Can “Save The Cat” save my screenplay?

I've been saving this one for years, but it hasn't helped anything yet....

The first half of this year has been a bit odd. Not in a “Two-headed dog” kind of way, but because I’ve concentrated a lot of effort in writing and publicising this blog. It’s been fun, developing a network of fellow bloggers, meeting people on purpose by commenting on their blogs, and meeting people by accident through blog strings or comments. While I know my parents would think that’s all plenty odd, that wasn’t what I was thinking about. It’s odd because this blog is meant to be my shopfront, my public face, the place where I promote my plays. That’s what it’s all about, telling people I’m a playwright, that I write good plays that community theatre groups would enjoy performing. Plays that have won awards.

The odd bit is that, thanks to this tireless work on my blog, I haven’t actually written any new plays, as such. I’ve chipped in my required scenes for the latest TLC Pantomime, “Snow White and the Magnificent Seven”, but even there I was slower than usual.

Of course, it’s easy to blame the blog, but maybe it’s something more sinister. A lot of blogs about writing discuss writer’s block. It’s a bit like the Loch Ness Monster, I think. Some folks believe in it absolutely, can tell you the history of it, show you their photographs. Others deny it exists and won’t hear anything to the contrary.

A one-in-a-million shot, I know : who do you know that still wears a cagoul?

I keep telling Mrs Dim that I’m not bothered. That if something occurs to me and I want to write it, then I’ll write it. But time’s gone by and I’ve reviewed dozens of other people’s scripts for my publisher, run others through the Script Appraisal Service, and seen friends like Richard James produce two full length plays (good ones, curse him!) in the time I’ve written…er…well, a couple of cheques and a lot of shopping lists.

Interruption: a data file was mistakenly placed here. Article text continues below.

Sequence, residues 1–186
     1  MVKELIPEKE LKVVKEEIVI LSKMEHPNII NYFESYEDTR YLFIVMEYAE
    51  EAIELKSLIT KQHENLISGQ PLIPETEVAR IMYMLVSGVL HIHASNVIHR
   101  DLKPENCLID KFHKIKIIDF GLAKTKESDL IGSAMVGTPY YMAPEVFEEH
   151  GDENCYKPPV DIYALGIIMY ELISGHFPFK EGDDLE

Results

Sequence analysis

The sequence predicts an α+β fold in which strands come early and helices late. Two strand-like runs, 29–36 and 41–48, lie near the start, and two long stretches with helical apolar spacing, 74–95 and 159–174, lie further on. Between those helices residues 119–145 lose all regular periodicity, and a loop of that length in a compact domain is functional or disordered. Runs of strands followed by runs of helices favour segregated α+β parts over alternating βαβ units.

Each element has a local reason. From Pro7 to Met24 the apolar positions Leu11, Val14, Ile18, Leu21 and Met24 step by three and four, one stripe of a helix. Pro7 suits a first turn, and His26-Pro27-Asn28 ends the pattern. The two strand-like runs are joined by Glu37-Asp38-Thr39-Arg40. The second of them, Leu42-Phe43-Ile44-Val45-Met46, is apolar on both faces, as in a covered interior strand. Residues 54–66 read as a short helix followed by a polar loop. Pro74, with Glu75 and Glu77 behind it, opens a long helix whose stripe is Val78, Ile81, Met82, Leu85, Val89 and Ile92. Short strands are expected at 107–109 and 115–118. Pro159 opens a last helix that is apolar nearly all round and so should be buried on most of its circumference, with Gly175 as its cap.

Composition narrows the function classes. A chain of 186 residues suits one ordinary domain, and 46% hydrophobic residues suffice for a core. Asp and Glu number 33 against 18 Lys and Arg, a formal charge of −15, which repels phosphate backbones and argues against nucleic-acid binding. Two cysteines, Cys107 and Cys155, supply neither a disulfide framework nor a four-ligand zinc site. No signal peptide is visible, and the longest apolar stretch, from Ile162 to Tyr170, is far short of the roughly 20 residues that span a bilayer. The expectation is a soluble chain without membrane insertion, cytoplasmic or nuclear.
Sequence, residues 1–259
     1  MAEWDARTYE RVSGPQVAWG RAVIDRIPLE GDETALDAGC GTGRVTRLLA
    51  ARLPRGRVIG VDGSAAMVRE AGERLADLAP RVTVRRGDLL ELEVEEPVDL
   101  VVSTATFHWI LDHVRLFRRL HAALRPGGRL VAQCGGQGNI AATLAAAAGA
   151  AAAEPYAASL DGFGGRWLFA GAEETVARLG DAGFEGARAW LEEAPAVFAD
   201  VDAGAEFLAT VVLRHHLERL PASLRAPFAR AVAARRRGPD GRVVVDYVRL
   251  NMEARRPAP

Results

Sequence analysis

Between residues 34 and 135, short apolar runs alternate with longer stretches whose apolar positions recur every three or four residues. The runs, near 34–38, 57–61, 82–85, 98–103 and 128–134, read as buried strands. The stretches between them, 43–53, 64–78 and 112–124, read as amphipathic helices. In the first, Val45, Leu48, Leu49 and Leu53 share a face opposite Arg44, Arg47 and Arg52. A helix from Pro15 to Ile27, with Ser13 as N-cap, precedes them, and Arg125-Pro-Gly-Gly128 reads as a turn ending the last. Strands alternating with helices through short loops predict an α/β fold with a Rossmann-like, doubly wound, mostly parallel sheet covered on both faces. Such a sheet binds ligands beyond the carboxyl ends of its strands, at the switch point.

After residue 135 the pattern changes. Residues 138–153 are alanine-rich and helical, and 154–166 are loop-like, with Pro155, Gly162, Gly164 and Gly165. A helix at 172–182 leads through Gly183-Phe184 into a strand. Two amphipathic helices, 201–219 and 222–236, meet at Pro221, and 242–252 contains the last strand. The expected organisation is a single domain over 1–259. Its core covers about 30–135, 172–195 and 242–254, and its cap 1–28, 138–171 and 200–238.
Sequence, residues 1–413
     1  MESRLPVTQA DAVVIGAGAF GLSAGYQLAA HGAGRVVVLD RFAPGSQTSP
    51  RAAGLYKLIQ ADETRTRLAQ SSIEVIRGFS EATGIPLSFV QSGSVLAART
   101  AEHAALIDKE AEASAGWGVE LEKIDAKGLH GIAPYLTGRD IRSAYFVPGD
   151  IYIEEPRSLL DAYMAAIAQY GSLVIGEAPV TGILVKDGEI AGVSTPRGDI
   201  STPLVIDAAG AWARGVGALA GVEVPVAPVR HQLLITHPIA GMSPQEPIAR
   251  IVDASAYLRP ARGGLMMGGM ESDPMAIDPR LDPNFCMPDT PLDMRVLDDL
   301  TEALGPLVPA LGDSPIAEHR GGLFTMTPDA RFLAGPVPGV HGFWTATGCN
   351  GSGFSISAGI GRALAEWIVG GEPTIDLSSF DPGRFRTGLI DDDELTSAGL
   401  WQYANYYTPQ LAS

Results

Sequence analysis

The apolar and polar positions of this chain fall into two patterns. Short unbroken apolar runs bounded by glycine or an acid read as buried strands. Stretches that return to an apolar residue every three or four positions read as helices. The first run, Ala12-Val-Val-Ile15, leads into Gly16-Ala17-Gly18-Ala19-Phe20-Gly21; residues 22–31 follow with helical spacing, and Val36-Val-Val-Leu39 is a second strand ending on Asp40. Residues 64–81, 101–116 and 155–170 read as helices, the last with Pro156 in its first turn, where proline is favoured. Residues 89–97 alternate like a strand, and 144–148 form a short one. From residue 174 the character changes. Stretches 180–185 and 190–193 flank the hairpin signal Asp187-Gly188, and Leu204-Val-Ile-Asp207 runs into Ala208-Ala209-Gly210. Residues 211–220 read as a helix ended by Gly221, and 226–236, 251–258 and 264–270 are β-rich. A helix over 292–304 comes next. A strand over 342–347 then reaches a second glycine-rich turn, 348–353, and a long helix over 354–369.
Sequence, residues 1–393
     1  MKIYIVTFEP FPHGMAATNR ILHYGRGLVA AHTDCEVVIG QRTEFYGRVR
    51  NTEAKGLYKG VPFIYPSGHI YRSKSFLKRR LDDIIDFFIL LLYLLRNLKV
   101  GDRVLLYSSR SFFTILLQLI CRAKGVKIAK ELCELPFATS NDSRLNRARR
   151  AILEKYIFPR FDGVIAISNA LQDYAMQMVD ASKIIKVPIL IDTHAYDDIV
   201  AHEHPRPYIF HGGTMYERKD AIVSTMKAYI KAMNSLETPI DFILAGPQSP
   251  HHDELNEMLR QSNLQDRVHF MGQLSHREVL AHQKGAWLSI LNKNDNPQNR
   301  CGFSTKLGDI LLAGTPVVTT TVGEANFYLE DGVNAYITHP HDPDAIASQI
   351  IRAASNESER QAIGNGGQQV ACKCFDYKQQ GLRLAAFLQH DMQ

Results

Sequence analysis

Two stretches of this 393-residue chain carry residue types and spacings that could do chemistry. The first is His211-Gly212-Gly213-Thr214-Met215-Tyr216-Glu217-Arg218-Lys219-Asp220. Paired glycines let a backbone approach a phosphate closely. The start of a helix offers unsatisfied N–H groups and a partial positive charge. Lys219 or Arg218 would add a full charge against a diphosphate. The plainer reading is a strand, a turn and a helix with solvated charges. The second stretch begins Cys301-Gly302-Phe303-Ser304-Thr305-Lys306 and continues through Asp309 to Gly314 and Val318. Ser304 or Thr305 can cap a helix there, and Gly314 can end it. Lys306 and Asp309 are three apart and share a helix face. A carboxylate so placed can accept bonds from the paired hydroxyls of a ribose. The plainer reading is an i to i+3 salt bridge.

And there is something I want to write. Something I’ve been wanting to write for around five years now. But it’s not a play, or a pantomime, or a sketch. It’s a screenplay. And I really, really want to get it right.

More than any other type of writing, screenplays have rules. There’s the format, where you put the character names, what gets put in CAPS, the stupid typewriter font you HAVE to use or be cast into outer darkness. There’s the mysterious three act structure, the beats, the scenes, you mustn’t give camera directions, don’t use more than four lines of descriptions, more dialogue than direction, on and on and on and on.

I’ve read about five good books on screenplay writing. They all made sense, right up until the moment when I tried to use their advice to write the story I was thinking of. My story was already too complete to fit their model, and I was too set, too determined to allow any changes. That’s why, after five years, I only have two drafts, and the second one drifts off into drivel.

Blake Snyder is my last chance. It’s a lot to ask of someone who died two years ago, but his books live on, and they’re friendly and encouraging and THEY MAKE SENSE. I’m reading “Save the Cat!”, his first book, and I think the combination of good advice, friendly tone and five years of bending the story back and forth may finally allow me to rebuild it according to Blake’s model.

I really hope so. The ever-saintly Lucy V Hay was kind enough to report on the first ten pages of draft two and called it a “very original” idea. From someone who reads scripts for a living, that’s high praise. It’s a little late in the day to be making New Year’s Resolutions (and you know what I think of them anyway – see here) but I’d like to end this year with a shiny new draft of “Tribute”, written with the posthumous help of Blake Snyder.

Ask me how I got on in January, will you?

What project has taken you the longest? Do ideas age like fine wine, or do they go rotten like old running shoes left in the schoolbag over the summer? My e-book “Writing a play for community theatre” only took a year from beginning to end, even though you could probably read it in an afternoon. If you’d like to read it in an afternoon, why not download a copy from the TLC website?

Advertisements

15 responses to “Can “Save The Cat” save my screenplay?

  1. I’m beginning to feel like Mr. Holland. It has been nearly three years now since I started my opus, Moonfire. Another year or two might go by while I work on getting the experience I need to do it right.

    Maybe you could just set a very tiny goal like writing for ten minutes, doing something else and then maybe writing for ten minutes? You might try some of those sites that give prompts. You know, to flex the writing muscle a bit? Best wishes to you.

    • Tiny goals sound like a good idea, Angela. I’ve just spent ten minutes writing out the fifteen “beats” that Blake recommends you use as a guide to help plan your story. If I continue to creep things along, instead of famine and feast, I may get there!